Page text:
Vancouver interior designer Ami McKay shares the best houseplants for a healthy, beautiful home. Are you ready to elevate your space?
Houseplants are so hot right now, and understandably so. Not only do they brighten up a space, they’re also (usually) low maintenance and easy to take care of.
But which houseplant is right for you? That can depend on a few factors, like the light and space available in your apartment, as well as how good you are at remembering to water them! Here, I’ll take you through a few popular houseplant options and some things to consider before you make your purchase.
Known for their distinctive knotted trunks, money trees do well in artificial (read: indoor) lighting and are great floor plants that will grow into statement pieces. They’re also pet-friendly and symbols of prosperity and fortune. We could all do with some of that!
Best for: People with spacious apartments. Money trees can grow quite a bit!
This fun, spiky plant – which is also called mother-in-law’s tongue – is hardy and easy to take care of! You’ll really have to try hard to kill a snake plant, which is great if you’re away often or regularly forget to tend to your leafy roommates. In fact, it’s worse to overwater snake plants than it is to underwater them!
Best for: Scatterbrains. Snake plants are low maintenance and tough to kill.
Classic and cute, parlor palms make great statement plants. They’re also super resilient and do well in medium to low light areas. Plus, parlor palms are non-toxic to pets and people – ideal for animal lovers and parents alike.
Best for: Parents. Parlor palms are non-toxic, tough to kill, and hardy.
Also known as a heart-leaf philodendron (or philodendron heartleaf), sweetheart plants are ideal for first-time plant parents. They thrive even in dim rooms and add a touch of whimsy to any space. They also look great hanging from macrame holders, bookshelves, and desks. Careful though – they’re poisonous to pets.
Best for: Busy work-from-homers. They’re fun to look at, but don’t require much maintenance.
Calatheas are gorgeous dark green plants with flecks of rich red or pinkish hues that will add class to any space. Not to mention they thrive in medium to low light, making them ideal for people with less direct sunlight.
Best for: Pet owners. Calatheas are non-toxic and pet safe.
It seems like everyone has a monstera right now, and I can see why! They’re super cute, add tropical vibes to even the least-tropical of apartments, and do well in indirect light. However, they’re certainly as pricey as they are popular so make sure you’ve got the money and space for one. They’re also poisonous to pets.
Best for: Ballers. Monsteras don’t come cheap.
Small and compact, spider plants are great for small spaces and thrive in humid areas. Stick one in your bathroom and enjoy how it brightens up the space and purifies the air!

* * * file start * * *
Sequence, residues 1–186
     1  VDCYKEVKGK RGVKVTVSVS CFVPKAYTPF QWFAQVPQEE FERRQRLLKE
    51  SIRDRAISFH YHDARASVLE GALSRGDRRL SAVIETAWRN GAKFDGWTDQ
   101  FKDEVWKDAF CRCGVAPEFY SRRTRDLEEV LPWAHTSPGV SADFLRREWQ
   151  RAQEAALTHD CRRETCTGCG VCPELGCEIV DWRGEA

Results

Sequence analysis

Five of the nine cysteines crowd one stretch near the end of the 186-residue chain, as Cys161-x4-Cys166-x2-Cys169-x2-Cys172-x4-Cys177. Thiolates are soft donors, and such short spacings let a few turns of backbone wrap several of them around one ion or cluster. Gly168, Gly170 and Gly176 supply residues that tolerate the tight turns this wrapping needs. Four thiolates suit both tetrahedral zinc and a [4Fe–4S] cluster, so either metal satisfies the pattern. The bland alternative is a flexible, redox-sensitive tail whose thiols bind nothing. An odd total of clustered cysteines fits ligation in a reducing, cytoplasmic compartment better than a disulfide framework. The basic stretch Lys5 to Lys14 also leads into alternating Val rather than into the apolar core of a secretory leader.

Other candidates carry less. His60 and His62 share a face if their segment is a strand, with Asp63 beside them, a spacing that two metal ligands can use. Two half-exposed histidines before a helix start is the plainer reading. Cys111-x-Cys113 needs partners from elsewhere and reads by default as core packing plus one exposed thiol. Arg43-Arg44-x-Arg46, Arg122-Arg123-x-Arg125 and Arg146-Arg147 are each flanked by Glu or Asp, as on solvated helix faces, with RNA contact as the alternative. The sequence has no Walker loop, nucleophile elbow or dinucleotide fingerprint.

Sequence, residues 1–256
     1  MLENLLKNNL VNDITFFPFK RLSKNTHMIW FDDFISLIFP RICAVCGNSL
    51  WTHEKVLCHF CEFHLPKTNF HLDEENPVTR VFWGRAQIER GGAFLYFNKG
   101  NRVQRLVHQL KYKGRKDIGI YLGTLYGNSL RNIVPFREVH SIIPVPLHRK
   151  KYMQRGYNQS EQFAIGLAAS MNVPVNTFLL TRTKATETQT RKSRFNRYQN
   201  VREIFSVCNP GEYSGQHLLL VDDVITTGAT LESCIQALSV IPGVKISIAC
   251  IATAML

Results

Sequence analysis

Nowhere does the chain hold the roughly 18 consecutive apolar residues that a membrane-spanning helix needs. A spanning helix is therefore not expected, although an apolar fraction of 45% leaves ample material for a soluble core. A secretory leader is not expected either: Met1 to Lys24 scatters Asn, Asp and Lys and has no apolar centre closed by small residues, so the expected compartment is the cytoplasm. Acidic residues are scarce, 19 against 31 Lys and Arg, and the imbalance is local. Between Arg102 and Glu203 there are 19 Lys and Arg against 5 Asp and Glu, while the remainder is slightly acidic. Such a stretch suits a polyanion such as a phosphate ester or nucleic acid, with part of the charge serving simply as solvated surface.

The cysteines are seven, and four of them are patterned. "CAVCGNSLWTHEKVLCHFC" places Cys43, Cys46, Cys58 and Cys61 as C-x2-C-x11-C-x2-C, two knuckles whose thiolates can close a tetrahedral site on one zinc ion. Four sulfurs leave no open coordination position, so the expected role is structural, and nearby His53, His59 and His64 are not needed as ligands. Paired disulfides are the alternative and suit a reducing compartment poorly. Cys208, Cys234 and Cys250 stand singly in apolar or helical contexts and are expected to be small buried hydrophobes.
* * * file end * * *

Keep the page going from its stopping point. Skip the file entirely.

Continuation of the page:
Best for: People who live in humid climates. And bathroom owners.
Aloe veras are hardy and practical plants that everyone should have in their home. Not only are they great for soothing sunburn, they’re also great at purifying the air and fit nicely on a countertop or shelf. Plus, they’re pet-friendly and can survive being under-watered.
Best for: Accident-prone people. Aloes are great for soothing cuts and burns.
Kimberly Queen Fern
Most ferns make great houseplants, as they’re resilient, pretty, and affordable. And they cope well with all kinds of light! The Kimberly Queen Fern is especially great because it’s small and compact, though – perfect for apartment dwellers with limited space.
Best for: Those in small apartments. Kimberly Queen ferns are both neat and petite.
Also known as pothos, devil’s ivy is a scourge when kept outdoors as it tends to decimate other plants. However, when kept indoors, it’s near impossible to kill, can survive even in the dark, and will handle both under and over-watering like a champ. You can even grow them in water, rather than soil. However, they are, as you might imagine, poisonous.
Best for: Forgetful plant parents. This plant will thrive in basically any conditions.
Contrary to popular belief, not all cactuses were created equally. There are in fact many varieties of cactus! One of the best houseplant cactus options is the saguaro cactus, a type that requires very little water, is incredibly slow growing, and thrives in direct sunlight. So, stick it on a windowsill and (mostly) forget about it.
Best for: Sunny apartments. Saguaro cactuses love the sunshine.
Things to Consider
If your apartment doesn’t get much (or any!) direct sunlight, consider plants that require less sunshine and thrive in the shade. You don’t want to deal with dead plants just because you didn’t double-check the lighting requirements.
How big is your apartment? If you’ve only got some shelf space available, look for smaller plants like spider plants, cactuses, succulents, and anything with trailing vines that will look cute hanging from on high.
If you have floor space, go for leafy or tall plants that will both make use of the space and serve as statement pieces!
Make sure you don’t accidentally buy a houseplant that could be toxic to your furry friend if ingested. Before buying any houseplant, double-check that it’s safe to have around cats and dogs. And kids!
Some houseplants require more care than others. If you’re prone to underwatering your plants, make sure the houseplant you opt for can handle and bounce back from being a bit thirsty. Ditto: overwatering!